The neverending coronavirus pandemic has been brutal for businesses of all kinds. Many have been forced to lay off valued employees and curtail their operations in a variety of ways.
It’s an ongoing fight for survival for many businesses. Even with vaccines rolling out, it will take months before enough people are protected to allow life to return to something resembling normal.
Despite the widespread devastation, the Fargo City Commission has singled out a single category of businesses for assistance. Restaurants and bars will benefit from six months of free city utilities and a waiver of license and inspection fees.
This preferential treatment will cost the city treasury more than $1 million, a gift averaging an estimated $2,500 per establishment.
The favoritism extends to gas stations that serve a few food items up to full-service bars and restaurants.
The obvious question is how city commissioners decided to single out a single segment of businesses. Those who aren’t included can be forgiven for asking, “Why not me?”
Why didn’t the City Hall Santa Claus just walk down Broadway, picking and choosing which businesses to award breaks, distinguishing by whim between those who have been naughty and those who have been nice?
After all, retailers are suffering. So are a wide range of personal services businesses that were targeted in the shutdown early in the pandemic, including barbershops, hairstyling salons, tattoo parlors and gyms.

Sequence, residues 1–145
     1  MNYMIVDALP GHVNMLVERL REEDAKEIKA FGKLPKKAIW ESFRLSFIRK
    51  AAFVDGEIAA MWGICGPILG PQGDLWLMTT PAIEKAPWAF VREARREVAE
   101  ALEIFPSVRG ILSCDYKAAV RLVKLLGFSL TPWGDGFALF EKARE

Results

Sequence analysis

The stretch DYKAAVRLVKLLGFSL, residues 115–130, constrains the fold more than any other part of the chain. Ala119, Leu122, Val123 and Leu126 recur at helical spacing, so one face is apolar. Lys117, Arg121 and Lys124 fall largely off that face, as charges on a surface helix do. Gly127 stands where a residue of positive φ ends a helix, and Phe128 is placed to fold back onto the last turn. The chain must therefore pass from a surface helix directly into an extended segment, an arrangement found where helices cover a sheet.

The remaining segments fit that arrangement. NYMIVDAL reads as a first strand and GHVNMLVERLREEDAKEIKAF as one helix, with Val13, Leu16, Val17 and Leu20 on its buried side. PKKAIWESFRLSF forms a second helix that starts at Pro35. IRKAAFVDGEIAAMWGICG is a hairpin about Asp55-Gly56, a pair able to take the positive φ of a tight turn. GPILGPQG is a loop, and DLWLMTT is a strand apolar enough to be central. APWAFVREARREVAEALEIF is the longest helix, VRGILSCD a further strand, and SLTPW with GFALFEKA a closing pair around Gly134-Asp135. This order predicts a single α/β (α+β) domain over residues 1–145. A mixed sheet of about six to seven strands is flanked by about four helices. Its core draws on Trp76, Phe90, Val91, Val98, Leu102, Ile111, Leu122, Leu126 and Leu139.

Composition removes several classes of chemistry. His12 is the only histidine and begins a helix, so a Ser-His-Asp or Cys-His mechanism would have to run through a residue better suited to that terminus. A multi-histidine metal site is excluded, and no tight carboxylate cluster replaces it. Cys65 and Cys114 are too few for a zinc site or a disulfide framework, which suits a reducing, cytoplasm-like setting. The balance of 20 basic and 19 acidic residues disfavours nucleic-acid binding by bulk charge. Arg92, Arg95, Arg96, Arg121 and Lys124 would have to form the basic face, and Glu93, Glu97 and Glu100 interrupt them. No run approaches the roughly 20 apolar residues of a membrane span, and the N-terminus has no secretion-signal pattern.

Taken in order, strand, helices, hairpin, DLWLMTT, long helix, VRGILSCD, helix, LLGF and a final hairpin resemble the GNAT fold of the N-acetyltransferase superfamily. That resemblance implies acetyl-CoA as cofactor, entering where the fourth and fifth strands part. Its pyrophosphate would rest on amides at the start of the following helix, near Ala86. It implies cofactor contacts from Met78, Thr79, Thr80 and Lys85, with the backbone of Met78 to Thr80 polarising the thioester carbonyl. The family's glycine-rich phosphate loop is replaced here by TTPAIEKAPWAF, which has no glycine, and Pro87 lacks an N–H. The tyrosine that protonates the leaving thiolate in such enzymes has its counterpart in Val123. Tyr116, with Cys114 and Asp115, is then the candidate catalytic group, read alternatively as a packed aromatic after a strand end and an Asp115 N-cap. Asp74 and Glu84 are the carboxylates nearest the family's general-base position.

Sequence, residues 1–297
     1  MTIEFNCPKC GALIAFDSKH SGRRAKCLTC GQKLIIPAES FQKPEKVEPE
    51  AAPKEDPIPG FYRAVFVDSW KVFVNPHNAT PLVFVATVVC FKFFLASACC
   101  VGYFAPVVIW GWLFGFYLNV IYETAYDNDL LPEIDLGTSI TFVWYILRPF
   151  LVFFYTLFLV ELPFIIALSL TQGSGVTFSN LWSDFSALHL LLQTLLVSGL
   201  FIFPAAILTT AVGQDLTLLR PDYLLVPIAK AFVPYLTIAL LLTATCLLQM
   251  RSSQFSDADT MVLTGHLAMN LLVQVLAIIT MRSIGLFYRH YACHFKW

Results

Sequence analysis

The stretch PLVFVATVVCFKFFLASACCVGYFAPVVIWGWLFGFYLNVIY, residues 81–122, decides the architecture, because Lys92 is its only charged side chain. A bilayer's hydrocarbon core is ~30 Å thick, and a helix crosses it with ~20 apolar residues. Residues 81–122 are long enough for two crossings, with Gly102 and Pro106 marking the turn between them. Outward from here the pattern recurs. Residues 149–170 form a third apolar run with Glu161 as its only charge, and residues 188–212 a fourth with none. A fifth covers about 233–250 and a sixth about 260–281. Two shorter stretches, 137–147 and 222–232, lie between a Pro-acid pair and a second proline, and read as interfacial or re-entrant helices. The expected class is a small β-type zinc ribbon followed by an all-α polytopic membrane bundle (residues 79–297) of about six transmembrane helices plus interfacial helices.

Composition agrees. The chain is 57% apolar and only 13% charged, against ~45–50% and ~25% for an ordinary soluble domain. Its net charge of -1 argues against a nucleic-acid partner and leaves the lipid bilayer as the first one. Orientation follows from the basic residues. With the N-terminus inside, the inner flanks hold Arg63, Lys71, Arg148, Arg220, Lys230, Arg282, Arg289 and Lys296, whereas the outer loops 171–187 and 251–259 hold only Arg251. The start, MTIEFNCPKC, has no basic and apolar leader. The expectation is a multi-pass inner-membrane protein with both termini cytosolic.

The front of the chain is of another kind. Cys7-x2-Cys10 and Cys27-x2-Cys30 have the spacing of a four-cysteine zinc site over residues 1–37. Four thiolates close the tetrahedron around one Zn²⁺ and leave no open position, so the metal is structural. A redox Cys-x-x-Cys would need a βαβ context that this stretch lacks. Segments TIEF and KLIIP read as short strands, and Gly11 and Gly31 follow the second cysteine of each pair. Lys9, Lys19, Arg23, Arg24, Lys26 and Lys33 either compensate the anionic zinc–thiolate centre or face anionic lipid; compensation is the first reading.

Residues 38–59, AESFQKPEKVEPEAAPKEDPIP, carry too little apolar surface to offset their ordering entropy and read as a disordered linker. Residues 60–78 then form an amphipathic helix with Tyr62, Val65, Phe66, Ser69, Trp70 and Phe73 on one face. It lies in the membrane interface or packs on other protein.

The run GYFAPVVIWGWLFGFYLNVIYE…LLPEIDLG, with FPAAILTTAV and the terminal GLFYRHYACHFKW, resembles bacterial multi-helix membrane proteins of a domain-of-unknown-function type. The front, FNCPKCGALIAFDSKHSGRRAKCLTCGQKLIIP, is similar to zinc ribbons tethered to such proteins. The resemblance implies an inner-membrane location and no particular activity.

What about hotels? Travel-related and hospitality businesses of all kinds have been hammered by the coronavirus.
Why weren’t they included? Commissioner John Strand wants to expand the list of small establishments to favor, including salons and gyms.
That’s good for them, if his fellow commissioners go along, but what about those that will be excluded?
And what about the taxpayers, including those who have lost their jobs or have been furloughed? Why not have a city sales tax holiday?
Restaurants are a risky business. Many don’t survive early childhood or adolescence. Why treat startups the same as well-established restaurants?
Is it sound city policy to subsidize this type of business? Are there better ways to use our tax dollars?
The giveaway is especially surprising to have Commissioner Tony Gehrig as one of its authors. He’s always quick to demonize any property tax incentives, arguing that they penalize taxpayers who don’t receive them.
True to his bent, Gehrig considered property tax relief, but ran smack into laws that prohibit such discrimination — a prohibition that apparently never occurred to legislators to apply to waived utility and license fees.
After all, who would have been brazen enough to suggest such an arbitrary scheme?
Few answers are coming from City Hall as commissioners dispense their gifts.